Teaching Visual Literacy in the Primary Classroom shows how everyday literacy sessions can be made more exciting, dynamic and effective by using a wide range of media and visual texts in the primary classroom. In addition to a wealth of practical teaching ideas, the book outlines the vital importance of visual texts and shows how children can enjoy developing essential literacy skills through studying picture books, film, television and comic books. Designed to take into account the renewed Framework for Literacy, each chapter offers a complete guide to teaching this required area of literacy. Aimed at those who want to deliver high quality and stimulating literacy sessions, each chapter contains a range of detailed practical activities and resources which can be easily implemented into existing literacy teaching with minimal preparation. In addition, each chapter gives clear, informative yet accessible insights into the theory behind visual literacy. Containing a wealth of activities, ideas and resources for teachers of both Key Stage 1 and Key Stage 2, this book discusses how children's literacy skills can be developed and enhanced through exploring a range of innovative texts. Six chapters provide comprehensive guides to the teaching of the following media and literacy skills: picture books film and television comic books visual literacy skills genre adaptation. Teaching Visual Literacy in the Primary Classroom is an essential resource for all those who wish to find fresh and contemporary ways to teach literacy and will be useful not only to novices but also to teachers who already have experience of teaching a range of media. Students, primary school teachers, literacy co-ordinators and anyone who is passionate about giving pupils a relevant and up-to-date education will be provided with everything they need to know about teaching this new and ever-expanding area of literacy.
Learn how to teach visual literacy through photography—an easy way for you to combine student interest with resources at hand to enhance a key learning skill. • Discusses visual literacy, critical thinking, and photography • Shows that librarians are often key to teaching and supporting visual literacy • Provides a nontechnical approach anyone can use • Fits with the popular makerspace movement • Offers activities with standards and essential questions to help teachers insert these suggested activities into their lesson plans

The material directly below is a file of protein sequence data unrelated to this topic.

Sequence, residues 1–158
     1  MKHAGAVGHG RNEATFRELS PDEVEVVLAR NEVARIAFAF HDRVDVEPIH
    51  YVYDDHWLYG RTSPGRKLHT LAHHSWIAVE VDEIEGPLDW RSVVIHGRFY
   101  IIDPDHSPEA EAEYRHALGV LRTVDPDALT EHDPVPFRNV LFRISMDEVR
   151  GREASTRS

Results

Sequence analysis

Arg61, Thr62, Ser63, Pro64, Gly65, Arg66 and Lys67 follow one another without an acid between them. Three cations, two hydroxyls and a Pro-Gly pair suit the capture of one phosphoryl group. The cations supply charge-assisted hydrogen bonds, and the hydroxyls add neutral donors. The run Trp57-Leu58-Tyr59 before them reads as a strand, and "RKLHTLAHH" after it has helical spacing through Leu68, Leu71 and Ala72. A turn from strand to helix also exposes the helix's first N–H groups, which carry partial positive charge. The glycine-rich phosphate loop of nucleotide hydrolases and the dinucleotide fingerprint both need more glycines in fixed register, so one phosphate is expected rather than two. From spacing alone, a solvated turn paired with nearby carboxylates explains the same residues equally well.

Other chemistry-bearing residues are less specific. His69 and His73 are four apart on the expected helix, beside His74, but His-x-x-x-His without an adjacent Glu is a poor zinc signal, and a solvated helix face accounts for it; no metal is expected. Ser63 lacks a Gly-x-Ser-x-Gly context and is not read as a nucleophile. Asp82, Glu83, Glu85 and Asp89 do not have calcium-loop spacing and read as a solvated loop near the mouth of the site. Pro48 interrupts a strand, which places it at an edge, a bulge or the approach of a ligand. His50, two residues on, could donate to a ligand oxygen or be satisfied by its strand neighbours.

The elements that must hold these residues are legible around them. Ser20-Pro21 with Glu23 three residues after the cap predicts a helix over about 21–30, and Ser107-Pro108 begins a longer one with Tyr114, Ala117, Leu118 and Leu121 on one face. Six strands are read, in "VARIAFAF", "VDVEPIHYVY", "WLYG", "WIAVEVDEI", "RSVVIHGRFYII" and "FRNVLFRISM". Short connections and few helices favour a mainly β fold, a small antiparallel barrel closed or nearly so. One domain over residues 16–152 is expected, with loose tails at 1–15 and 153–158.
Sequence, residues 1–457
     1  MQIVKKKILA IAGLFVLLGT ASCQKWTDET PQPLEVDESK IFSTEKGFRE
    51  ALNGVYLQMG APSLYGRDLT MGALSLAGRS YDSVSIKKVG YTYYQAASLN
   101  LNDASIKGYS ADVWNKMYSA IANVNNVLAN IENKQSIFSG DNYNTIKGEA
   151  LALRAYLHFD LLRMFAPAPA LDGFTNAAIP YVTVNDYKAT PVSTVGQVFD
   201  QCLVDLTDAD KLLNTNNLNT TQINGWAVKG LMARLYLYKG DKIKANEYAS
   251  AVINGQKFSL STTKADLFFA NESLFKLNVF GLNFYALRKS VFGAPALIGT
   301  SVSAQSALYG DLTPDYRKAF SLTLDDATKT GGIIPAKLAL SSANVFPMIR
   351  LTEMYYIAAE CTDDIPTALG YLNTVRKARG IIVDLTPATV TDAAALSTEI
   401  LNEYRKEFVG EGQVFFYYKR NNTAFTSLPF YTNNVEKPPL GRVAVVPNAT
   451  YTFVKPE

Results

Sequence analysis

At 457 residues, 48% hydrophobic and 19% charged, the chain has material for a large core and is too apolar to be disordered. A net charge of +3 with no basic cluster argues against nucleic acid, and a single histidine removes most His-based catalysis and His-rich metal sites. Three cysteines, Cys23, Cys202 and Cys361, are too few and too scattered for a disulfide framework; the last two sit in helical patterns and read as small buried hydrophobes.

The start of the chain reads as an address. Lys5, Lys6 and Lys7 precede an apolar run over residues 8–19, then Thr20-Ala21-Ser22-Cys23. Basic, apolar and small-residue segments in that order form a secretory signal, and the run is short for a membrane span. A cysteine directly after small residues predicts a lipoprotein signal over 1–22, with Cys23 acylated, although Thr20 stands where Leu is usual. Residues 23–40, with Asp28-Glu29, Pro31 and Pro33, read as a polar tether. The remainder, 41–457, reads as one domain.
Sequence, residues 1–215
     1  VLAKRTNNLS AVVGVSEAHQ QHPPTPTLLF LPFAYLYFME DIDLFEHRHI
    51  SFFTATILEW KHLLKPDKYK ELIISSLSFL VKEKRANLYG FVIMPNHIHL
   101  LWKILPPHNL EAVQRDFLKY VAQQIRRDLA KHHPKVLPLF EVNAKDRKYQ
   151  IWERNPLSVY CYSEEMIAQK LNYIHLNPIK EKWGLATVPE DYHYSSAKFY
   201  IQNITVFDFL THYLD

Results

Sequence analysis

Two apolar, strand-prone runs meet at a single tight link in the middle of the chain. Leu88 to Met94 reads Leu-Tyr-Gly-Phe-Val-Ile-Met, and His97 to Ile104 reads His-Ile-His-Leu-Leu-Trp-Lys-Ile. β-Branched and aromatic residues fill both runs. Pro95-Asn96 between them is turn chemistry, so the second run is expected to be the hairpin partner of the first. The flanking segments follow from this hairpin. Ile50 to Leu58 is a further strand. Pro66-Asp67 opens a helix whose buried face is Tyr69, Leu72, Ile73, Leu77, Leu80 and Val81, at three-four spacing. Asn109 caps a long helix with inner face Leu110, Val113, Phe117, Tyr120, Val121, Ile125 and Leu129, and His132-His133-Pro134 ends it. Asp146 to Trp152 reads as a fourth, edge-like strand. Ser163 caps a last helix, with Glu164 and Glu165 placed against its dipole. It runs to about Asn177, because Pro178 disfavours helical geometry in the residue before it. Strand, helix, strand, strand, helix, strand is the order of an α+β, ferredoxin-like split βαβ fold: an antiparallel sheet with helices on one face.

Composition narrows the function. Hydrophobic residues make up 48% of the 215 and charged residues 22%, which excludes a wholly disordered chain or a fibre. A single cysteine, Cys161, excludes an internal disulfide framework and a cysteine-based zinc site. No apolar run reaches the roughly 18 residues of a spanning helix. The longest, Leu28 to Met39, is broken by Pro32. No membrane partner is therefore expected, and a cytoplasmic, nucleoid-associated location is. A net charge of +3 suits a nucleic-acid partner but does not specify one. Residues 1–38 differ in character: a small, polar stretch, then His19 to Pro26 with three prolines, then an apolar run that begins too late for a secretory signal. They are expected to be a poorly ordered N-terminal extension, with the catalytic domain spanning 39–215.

"Much of the research in the area of memory and lifelong learning supports the rationale that we learn quickly and deeply through images. Part of our work in higher education is helping students learn to interpret and create the visual images they will encounter during and after their college or university experience. This volume is focused on teaching and learning with visuals and provides innovative examples of teaching with images in both disciplinary and interdisciplinary contexts"--Page four of cover.
Seminar paper from the year 2015 in the subject English - Pedagogy, Didactics, Literature Studies, grade: 12 Punkte, Justus-Liebig-University Giessen, language: English, abstract: The 21st century is an age in which images in various forms play a dominating role, be it in magazines and newspapers, TV and cinema, or the Internet. As a consequence, children growing up in this media age are inevitably confronted with a flood of images from early age on. This fact makes it necessary to address such topics as visual learning and visual literacy also at school. This seems important for at least two reasons: First, in an age where visual communication plays a vital role, children are required to acquire visual literacy already at an early age in order to be able to learn to judge, interpret and communicate with images in the right way. Second, visual media, like, for example, photographs, films, comics, and graphic novels, are calculated to make lessons more attractive and motivate students, and thus make learning easier and more fun. This is not only true for subjects taught in the mother tongue, but also for English as a foreign language (EFL). Since in Germany English is already taught in primary school, visual learning may provide a way to facilitate EFL by offering a playful approach and, furthermore, by profiting from children’s interest in visual worlds. Thus, as underscored by Stafford (2011: 2), visual teaching is not just another trend, but rather bears witness to a highly necessary adjustment of the curriculum to reality, i.e., new forms of communication, especially the Internet and smart phones. The work at hand deals with the question, why visual learning should be taught in primary school, and will provide an overview of the various reasons which are relevant in that respect as well as the most important strategies of visual teaching. In the first chapter, the concepts of visual learning and visual literacy will be looked at and their most important characteristics will be dealt with. Furthermore, the various reasons for teaching visual learning in primary school will be discussed. Furthermore, a short overview of possible strategies to be used in visual teaching is offered. In the second chapter, there will be a critical discussion of the topic, including the use of new media like Internet in the classroom.